Toast and melted butter | Breakthrough Funding

Monday, August 31, 2015

Toast and melted butter

A one minute story to sharpen your problem solving skills.

Breakfast is supposed to be the most important meal of the day. What do you choose? Fruit or cereal or porridge? Bacon sarnie or “sorry but no time for any breakfast ever”?

Whatever your breakfast routine, apparently the process of making toast can be used to prepare a team to overcome complex problems. Tom Wujec gave a famous Ted Talk lecture back in June 2013 to explain just how.

First you have to visualise yourself going through the whole routine – getting the bread out of the packet, putting it in the toaster, making sure its on the right setting. Getting out a plate and a knife. Spreading the butter and maybe putting something else on top; peanut butter, marmite or jam. All three? Well perhaps not.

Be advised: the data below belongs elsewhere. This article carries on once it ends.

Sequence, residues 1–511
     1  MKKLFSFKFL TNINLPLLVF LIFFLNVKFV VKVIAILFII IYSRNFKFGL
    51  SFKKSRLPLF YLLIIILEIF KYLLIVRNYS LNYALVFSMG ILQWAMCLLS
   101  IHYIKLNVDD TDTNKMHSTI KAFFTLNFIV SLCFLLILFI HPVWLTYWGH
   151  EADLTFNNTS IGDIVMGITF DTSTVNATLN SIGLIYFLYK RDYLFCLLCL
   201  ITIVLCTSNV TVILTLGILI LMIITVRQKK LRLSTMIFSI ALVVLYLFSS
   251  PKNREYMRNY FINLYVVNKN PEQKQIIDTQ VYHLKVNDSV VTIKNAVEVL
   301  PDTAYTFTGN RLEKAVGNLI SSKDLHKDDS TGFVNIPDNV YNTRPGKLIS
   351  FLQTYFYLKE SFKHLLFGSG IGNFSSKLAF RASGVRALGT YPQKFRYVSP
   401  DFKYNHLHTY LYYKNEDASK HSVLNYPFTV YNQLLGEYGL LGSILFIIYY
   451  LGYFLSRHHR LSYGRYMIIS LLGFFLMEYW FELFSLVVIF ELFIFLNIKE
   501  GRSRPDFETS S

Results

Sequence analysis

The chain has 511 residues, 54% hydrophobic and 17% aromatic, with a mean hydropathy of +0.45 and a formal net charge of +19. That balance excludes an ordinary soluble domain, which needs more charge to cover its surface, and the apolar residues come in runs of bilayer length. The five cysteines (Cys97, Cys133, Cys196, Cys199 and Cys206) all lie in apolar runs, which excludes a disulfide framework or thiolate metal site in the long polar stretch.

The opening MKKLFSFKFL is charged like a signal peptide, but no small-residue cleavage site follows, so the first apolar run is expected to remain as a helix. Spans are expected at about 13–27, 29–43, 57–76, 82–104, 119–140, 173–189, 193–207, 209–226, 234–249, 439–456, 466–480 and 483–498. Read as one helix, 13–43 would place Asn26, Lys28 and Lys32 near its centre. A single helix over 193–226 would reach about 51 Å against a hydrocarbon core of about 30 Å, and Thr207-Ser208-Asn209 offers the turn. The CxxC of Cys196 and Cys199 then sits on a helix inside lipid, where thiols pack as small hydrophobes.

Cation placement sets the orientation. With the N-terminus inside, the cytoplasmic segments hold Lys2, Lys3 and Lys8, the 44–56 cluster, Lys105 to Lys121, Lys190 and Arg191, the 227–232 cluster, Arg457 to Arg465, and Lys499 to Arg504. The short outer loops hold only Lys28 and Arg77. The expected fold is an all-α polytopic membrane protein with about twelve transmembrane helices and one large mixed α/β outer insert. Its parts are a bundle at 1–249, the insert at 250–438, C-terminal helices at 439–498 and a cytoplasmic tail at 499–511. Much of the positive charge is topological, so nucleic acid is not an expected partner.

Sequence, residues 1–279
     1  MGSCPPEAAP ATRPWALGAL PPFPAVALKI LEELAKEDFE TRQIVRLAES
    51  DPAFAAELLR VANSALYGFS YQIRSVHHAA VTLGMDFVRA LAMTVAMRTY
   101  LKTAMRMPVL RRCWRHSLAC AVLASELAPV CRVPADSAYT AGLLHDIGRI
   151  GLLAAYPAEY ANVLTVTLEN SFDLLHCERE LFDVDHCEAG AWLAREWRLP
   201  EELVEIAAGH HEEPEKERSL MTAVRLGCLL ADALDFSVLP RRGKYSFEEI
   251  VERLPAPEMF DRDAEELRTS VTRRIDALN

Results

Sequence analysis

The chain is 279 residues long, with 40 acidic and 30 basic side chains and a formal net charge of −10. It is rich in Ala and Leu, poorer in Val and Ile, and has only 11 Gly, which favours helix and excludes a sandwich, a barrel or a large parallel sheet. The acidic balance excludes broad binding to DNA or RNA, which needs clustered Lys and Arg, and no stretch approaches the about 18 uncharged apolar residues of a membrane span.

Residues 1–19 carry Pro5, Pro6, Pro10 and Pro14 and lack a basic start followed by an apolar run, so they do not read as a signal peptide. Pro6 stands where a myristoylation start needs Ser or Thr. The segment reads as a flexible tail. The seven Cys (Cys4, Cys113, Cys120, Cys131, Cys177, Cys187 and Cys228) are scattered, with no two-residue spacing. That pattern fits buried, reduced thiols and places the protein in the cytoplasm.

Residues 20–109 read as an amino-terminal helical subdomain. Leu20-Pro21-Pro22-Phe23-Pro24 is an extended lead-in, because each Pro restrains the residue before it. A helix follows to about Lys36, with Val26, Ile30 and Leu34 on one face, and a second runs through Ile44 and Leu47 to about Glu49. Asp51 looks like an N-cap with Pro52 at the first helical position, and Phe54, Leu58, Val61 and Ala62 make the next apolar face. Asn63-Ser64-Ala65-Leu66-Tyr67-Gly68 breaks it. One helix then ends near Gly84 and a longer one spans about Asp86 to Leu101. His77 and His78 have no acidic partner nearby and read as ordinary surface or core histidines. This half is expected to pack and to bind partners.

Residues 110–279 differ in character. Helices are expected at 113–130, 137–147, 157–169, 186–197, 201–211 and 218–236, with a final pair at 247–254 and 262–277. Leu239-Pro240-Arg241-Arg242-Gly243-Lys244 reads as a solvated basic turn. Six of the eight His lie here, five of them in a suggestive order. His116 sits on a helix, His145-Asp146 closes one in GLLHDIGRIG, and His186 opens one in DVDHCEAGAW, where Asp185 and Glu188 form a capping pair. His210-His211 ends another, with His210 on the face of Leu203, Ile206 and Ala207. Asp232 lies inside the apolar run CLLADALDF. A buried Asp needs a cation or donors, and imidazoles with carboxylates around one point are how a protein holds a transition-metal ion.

Wujec has created a website called www.drawtoast.com. It encourages businesses to get their employees to draw their toast-making ritual on paper. It’s not quite as easy as it sounds.

Regardless of artistic ability, all examples essentially illustrate nodes that are linked, and this creates a systems model. Once this first step is taken, groups can examine each other’s jottings then collaborate on the most efficient and effective way to make toast.

This will start off as a messy enterprise with pieces of paper strewn all over the place. Individuals will have different preferences and perspectives. But gradually the picture becomes clearer and more in-depth as everyone has an input and finally agrees on the ultimate process.

Collaborative visualisation is easily transferable to real business issues. Problems such as organisational vision, customer experience, long-term sustainability, cash flow, client engagement, sales strategy, etc. can all be discussed and thought about in real detail.

Stripping back a problem and looking at it from the ground up, with everyone inputting from their point of view, can help you gain a fresh perspective or renewed momentum. It’s a really interesting problem solving tool and worth checking out the website. 

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